Two Asian Americans, backed by well-financed campaigns, captured a Seattle City Council seat and the office of City Treasure in the November 6 election.
Another Asian City Council candidate lost his bid to unseat a long-time Council member.
Dolores Sibonga, as, expected, defeated Seattle police officer Bob Moffett in the race for the City Council seat vacated by Tim Hill. The Filipino attorney and former State Human Rights Department deputy secretary defeated Moffett 71,337 to 58,347, becoming the first minority woman ever elected to the City Council. She effectively utilized a television blitz during the last part of the campaign to defeat the former Police Officers’ Guild president.
Lloyd Hara defeated Assistant City Treasurer George Cooley in the race for City Treasurer in a bitterly contested election, 63,450 to 56,178. Hara, outspending Cooley two-to-one, said he attacked his opponent as a representative of “hand-me-down government who had the support of the old hands around City Hall.” Hara noted that, of all the candidates running for office this year, he had the second highest number of contributions, next to Sibonga.
In another less publicized City Council race, Paul Horiuchi, a well-known Seattle singer, was overwhelming thwarted by incumbent Sam Smith, 93,072 to 34,715. Horiuchi had campaigned on the need for fresh approaches, which he said Smith, seeking a fourth term, could not provide.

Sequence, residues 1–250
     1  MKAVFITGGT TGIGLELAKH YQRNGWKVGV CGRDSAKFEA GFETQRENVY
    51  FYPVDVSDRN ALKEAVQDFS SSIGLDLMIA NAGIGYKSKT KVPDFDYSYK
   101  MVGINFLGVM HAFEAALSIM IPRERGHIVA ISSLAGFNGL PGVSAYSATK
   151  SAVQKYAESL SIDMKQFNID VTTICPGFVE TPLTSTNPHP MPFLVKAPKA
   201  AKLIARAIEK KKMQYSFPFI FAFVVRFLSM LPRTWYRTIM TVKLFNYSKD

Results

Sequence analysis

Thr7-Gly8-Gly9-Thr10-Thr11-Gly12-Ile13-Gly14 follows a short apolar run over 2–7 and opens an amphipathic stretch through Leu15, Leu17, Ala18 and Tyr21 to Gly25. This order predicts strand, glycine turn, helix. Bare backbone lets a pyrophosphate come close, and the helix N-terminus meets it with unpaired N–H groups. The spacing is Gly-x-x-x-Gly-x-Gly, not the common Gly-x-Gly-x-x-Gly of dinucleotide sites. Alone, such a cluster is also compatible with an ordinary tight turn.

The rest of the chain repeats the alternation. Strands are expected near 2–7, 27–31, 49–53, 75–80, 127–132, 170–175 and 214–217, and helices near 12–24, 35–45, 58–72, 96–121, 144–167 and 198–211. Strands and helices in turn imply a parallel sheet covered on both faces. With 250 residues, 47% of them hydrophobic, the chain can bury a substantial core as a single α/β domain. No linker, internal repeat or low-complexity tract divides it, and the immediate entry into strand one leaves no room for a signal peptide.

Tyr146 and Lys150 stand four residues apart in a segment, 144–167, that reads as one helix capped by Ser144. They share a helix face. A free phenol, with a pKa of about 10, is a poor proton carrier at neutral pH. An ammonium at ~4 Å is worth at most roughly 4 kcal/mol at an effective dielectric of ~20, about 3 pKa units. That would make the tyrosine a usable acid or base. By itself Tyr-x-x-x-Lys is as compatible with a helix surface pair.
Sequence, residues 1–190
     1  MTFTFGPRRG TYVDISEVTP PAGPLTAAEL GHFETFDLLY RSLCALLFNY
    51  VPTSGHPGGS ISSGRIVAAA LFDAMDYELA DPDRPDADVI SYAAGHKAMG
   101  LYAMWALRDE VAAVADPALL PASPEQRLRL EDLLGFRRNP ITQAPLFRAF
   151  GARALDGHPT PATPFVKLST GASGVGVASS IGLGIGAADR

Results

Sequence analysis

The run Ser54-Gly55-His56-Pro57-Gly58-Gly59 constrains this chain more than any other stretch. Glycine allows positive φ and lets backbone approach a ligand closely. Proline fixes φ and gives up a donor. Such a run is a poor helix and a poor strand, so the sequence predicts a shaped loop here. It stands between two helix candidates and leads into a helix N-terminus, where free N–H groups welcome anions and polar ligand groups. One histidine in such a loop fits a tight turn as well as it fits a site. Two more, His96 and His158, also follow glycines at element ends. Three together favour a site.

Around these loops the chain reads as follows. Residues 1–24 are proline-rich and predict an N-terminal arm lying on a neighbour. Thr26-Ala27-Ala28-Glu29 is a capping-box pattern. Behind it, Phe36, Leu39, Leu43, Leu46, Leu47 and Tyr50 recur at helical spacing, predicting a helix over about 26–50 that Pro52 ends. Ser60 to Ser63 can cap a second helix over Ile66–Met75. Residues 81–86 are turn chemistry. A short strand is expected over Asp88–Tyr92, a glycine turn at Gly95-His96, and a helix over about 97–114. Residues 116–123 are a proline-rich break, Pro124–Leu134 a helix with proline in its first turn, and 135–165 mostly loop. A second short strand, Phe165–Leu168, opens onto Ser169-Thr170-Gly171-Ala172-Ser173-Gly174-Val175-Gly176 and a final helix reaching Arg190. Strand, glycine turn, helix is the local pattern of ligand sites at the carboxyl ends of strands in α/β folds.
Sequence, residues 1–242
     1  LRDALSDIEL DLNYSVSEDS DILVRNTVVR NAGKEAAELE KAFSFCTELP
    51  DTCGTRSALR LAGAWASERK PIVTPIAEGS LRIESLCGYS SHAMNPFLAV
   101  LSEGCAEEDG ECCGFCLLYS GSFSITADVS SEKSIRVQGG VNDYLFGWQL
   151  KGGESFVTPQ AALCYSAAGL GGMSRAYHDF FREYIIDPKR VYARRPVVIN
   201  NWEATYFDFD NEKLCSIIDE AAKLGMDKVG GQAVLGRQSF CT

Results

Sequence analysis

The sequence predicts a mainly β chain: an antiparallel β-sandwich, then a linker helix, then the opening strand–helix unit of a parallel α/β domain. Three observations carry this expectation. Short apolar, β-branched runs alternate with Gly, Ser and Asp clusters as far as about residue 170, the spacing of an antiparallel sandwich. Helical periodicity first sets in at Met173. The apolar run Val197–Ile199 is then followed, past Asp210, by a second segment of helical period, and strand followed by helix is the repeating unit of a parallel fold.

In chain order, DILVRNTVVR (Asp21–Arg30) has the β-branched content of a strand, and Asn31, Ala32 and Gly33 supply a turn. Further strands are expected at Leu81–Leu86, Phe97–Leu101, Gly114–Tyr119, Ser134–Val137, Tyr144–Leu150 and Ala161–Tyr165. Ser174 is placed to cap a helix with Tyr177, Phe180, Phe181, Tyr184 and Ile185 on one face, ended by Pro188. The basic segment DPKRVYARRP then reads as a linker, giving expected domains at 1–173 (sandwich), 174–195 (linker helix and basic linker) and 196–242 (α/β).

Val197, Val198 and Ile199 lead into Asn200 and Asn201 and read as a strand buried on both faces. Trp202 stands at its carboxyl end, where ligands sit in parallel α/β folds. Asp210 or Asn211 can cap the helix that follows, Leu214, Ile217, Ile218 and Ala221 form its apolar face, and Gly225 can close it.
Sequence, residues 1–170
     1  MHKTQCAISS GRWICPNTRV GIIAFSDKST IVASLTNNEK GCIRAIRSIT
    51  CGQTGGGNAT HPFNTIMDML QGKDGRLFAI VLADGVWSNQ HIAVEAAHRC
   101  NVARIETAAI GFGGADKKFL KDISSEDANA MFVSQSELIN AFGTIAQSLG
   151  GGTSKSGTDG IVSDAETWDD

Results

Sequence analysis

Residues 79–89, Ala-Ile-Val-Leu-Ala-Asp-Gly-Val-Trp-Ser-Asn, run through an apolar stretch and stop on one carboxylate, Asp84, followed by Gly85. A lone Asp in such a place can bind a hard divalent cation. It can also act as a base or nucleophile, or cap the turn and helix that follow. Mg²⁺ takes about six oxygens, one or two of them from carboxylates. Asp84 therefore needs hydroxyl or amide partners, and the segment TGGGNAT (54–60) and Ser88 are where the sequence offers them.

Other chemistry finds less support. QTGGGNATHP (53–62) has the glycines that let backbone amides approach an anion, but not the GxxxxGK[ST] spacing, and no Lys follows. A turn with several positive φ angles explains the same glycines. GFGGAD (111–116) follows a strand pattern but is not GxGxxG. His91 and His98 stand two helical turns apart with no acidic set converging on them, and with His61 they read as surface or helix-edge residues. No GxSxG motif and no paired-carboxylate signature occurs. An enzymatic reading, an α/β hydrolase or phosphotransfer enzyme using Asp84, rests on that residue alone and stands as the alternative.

Sibonga, confidently awaiting announcement of election returns at her campaign headquarters downtown, told The Examiner that she would focus on basic priority issues of “employment, shelter and health” when she begins her term on the Council. “It is inexcusable that, in this day and age, anyone should go hungry,” she said. “In the International Year of the Child, there should also be an emphasis on children and single parents.”
Sibonga had been expected to win handily over the more conservative Moffett, after she finished solidly ahead of a field of candidates in the September primary.
Hara pulled in only 37 percent of the vote in the primary against Cooley, but came back to defeat the Assistant City Treasurer in the final election.
“Asians should become more politically active,” said Hara. “The time is now. Besides business, politics is a very important way for Asians to ensure their rights.”
He encouraged Asians to get involved in politics at the grassroots level. “If you’re not involved, you’re not going to count,” he remarked.
Sibonga was the first Filipino American ever to pass the Washington State bar exam. Now she is the first minority woman City Council member. She said she feels good about the accomplishment. “But I wonder why it hasn’t happened before,” she said. “Here I am at 48. There should have been others before.”